For the rest of the code, I resused from David’s code. The code below formats the payload with three important parameters passed to. It then make a POST request using HttpPost  to get the access token.

public static async Task<string> AcquireTokenBySPN(string tenantId, string clientId, string clientSecret)
    var payload = String.Format(requestParam,

    var body = await HttpPost(tenantId, payload);
    return body.access_token;

This is not enough to fully make a request to work. The full HTTP POST request also needs to indicate Content-Type header which is application/x-www-form-urlencoded . That is why we need the following code snippet

var address = String.Format(authEndpoint, tenantId);
var content = new StringContent(payload, Encoding.UTF8, "application/x-www-form-urlencoded");

Below is the sample POST request to request an access token

// Sample POST to request access token
// Reference from Microsoft Guidance

POST /{tenant}/oauth2/v2.0/token HTTP/1.1
Content-Type: application/x-www-form-urlencoded

&client_secret=JqQX2PNo9bpM0uEihUPzyrh    // NOTE: Only required for web apps

David’s code also adds more methods to trace the return to make sure the request is successful with status code “200”.

using (var response = await client.PostAsync(address, content))
    if (!response.IsSuccessStatusCode)
        Console.WriteLine("Status:  {0}", response.StatusCode);
        Console.WriteLine("Content: {0}", await response.Content.ReadAsStringAsync());
    return await response.Content.ReadAsAsync<dynamic>();

There are a couple of notes if you use the code in a fresh development environment:

Getting & Setting Azure environment variable

In previous section, you declared three fields tenantId , client_id  and client_secret  you might wonder where to get these things. This section, I’d like to walk you through steps to get these things via PowerShell.

First, you need to login to Azure AD using Login-AzureRmAccount . You are asked to give the credential when using this cmdlet. After, connect to your Azure AD. If you use Microsoft Account (aka MSA), go to read the below to make sure you don’t connect to Azure AD which your account is being managed.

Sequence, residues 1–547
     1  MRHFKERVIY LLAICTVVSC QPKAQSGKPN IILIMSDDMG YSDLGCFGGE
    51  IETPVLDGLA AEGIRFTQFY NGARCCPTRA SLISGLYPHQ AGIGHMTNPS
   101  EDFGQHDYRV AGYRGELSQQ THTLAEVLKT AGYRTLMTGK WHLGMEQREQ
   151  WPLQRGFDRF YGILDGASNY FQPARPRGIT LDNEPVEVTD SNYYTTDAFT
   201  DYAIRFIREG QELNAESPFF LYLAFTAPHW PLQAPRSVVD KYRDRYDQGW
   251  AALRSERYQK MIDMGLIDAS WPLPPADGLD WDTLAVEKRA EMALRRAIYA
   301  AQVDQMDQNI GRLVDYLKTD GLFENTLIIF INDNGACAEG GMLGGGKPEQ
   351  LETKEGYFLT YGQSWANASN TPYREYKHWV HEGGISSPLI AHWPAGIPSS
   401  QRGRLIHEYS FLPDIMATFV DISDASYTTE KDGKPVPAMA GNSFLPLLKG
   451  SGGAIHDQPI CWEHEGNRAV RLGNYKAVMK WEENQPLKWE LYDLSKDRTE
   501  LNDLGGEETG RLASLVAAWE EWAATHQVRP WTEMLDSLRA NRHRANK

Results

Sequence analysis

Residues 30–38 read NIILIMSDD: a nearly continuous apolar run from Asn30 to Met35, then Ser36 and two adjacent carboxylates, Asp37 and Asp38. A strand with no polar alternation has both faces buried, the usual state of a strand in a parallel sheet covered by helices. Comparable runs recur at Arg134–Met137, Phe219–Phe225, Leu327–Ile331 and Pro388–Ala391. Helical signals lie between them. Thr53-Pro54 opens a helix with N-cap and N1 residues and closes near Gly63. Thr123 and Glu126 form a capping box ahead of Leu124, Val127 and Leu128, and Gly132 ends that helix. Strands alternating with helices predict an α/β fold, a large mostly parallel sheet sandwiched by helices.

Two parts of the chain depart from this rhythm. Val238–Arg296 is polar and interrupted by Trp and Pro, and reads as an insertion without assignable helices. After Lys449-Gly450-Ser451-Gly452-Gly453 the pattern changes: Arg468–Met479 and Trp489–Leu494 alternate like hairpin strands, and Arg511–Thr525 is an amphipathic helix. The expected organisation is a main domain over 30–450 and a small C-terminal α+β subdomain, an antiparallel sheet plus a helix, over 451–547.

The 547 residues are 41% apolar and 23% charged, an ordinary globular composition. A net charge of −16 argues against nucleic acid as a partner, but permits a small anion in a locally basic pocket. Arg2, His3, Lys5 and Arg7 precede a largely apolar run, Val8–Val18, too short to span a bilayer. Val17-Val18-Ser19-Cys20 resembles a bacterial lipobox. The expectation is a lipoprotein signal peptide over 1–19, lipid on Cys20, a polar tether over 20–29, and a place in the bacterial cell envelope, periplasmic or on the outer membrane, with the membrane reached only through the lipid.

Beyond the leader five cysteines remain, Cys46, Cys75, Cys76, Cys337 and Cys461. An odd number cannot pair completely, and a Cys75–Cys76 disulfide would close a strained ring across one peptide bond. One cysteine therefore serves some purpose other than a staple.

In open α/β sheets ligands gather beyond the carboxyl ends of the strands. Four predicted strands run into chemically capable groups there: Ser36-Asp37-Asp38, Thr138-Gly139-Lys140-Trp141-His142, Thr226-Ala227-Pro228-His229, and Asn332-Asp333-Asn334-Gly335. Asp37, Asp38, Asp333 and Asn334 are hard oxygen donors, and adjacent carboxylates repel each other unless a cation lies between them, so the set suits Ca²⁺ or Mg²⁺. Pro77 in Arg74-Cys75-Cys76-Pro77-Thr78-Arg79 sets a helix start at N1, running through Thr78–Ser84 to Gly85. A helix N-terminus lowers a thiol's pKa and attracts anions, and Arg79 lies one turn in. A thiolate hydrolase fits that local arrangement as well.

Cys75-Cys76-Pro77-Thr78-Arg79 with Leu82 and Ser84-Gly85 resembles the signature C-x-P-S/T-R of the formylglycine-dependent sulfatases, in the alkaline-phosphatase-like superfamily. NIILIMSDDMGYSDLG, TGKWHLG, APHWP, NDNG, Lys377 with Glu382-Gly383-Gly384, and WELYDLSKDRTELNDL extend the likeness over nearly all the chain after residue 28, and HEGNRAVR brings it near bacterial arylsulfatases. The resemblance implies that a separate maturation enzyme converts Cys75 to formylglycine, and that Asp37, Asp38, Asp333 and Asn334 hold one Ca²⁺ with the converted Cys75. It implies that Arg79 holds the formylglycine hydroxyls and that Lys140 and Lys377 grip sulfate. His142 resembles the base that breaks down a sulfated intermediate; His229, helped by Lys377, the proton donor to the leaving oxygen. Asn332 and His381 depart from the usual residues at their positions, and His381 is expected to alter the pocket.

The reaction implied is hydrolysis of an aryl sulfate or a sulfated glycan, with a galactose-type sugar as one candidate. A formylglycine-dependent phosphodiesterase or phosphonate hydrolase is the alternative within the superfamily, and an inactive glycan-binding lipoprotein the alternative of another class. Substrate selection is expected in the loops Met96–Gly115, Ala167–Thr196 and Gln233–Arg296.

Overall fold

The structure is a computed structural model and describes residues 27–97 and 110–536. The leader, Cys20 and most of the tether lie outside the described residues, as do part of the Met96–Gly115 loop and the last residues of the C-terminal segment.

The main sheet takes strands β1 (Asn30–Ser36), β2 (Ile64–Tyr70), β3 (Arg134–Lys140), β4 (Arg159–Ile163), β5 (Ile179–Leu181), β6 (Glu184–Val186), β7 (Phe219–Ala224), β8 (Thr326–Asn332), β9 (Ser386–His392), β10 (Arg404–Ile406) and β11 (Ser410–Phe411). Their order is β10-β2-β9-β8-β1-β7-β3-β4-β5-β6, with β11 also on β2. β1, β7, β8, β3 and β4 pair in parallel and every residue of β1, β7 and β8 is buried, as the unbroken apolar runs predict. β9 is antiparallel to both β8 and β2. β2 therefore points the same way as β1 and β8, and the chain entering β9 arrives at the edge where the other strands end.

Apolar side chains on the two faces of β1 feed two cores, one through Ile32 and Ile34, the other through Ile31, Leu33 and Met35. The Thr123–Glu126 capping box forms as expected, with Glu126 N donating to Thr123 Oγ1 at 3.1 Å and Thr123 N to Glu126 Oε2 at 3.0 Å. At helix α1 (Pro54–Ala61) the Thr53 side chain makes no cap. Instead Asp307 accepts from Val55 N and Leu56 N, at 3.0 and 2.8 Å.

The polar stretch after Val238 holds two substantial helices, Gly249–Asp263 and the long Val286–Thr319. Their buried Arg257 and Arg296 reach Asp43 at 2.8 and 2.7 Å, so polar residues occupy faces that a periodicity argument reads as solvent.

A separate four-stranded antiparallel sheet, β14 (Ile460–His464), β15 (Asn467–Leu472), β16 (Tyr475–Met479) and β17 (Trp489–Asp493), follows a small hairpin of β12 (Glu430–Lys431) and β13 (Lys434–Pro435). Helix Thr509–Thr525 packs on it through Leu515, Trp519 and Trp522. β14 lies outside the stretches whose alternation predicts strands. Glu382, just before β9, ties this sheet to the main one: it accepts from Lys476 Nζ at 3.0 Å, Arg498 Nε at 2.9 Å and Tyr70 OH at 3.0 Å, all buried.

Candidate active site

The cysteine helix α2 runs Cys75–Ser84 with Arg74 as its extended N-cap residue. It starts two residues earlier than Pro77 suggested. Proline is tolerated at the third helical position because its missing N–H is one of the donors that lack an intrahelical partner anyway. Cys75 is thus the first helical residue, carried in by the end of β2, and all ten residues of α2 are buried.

There are two main cmdlets you can use to perform app registration in Azure AD.

  • New-AzureRmADApplication
  • New-AzureRmADServicePrincipal
  • New-AzureADApplicationPasswordCredential

Run the following PowerShell to create a new app and register it into Azure AD. The “term” app doesn’t really mean “app” in App Store or any app in your mobile phone. It represents a client which needs to be authorized in Azure AD.

#Reaching to correct Azure AD and Subscription
$subscriptionName = "Enterprise Subscription"
$tenantID = (Get-AzureRmSubscription -SubscriptionName "Enterprise Subscription").TenantId
$subscriptionId = (Get-AzureRmSubscription -SubscriptionName "Enterprise Subscription").Id

#Setting up new App
$appName = "WebApiAuth"
$homePage = ""
$idUri = "http://webapi01"
$secretName = "webkey01"

#Creating an azure app AD and register it to azure AD
$appAAD = New-AzureRmADApplication -DisplayName $appName -HomePage $homePage -IdentifierUris $idUri

#Creating a secret key
$secretValue = New-AzureADApplicationPasswordCredential -CustomKeyIdentifier $secretName -ObjectId $appAAD.ObjectId -EndDate (Get-Date).AddYears(2)

#Creating new Azure AD Service Principal
$servicePrincipalObj = New-AzureRmADServicePrincipal -ApplicationId $appAAD.ApplicationId

$role = New-AzureRmRoleAssignment -RoleDefinitionName Contributor -ServicePrincipalName $azureAdApplication.ApplicationId.Guid

Write-Output "Subscription ID:" $subscriptionId | Add-Content D:\appinfo.txt
Write-Output "Tenant ID:" $tenantID | Add-Content D:\appinfo.txt
Write-Output "Application ID:" $appAAD.ApplicationId.Guid | Add-Content D:\appinfo.txt
Write-Output "Secret": $secretValue.Value | Add-Content D:\appinfo.txt

Now you need to grab client secret by open Azure AD Portal > App registrations. Choose the new app you just created and verify if output in PowerShell matches the info under app blade.

Until now, you have all the fields you need for the authenticationhelper class.

Storing Azure App configuration setting

Basically you can declare and assign value for tenantId , client_id  and client_secret  directly into the field. For example

string tenantId = "03987803-0fc0-4003-bz94-cdfhacfb2226";
string clientId = "a82eb468-e8zc-4733-89c9-c0li91a04ee1";
string clientSecret = "EU+l/XzwyDaE60mFNCzcn58m60VRwrrdOsyhnQaGVMc=";

However, this way is not a recommended best practice for security. Moreover, environment configuration should be controlled separately. Ideally, configuration should be stored in app.config  file. In David’s sample core, he used System.Configuration.ConfigurationManager  to manage external configuration. However, since we work with Azure, I’d like to introduce a new package named Windows.Azure.ConfigurationManager  which is used to load configuration.

Open App.config file and paste configuration information inside <configuration>  element.

   <add key="AzureSubscriptionId" value="e90d0136-d456-4212-a21b-b4790owf8a35" />
   <add key="AzureTenantId" value="03900103-0fc0-4103-bd94-hjkfbefb2226" />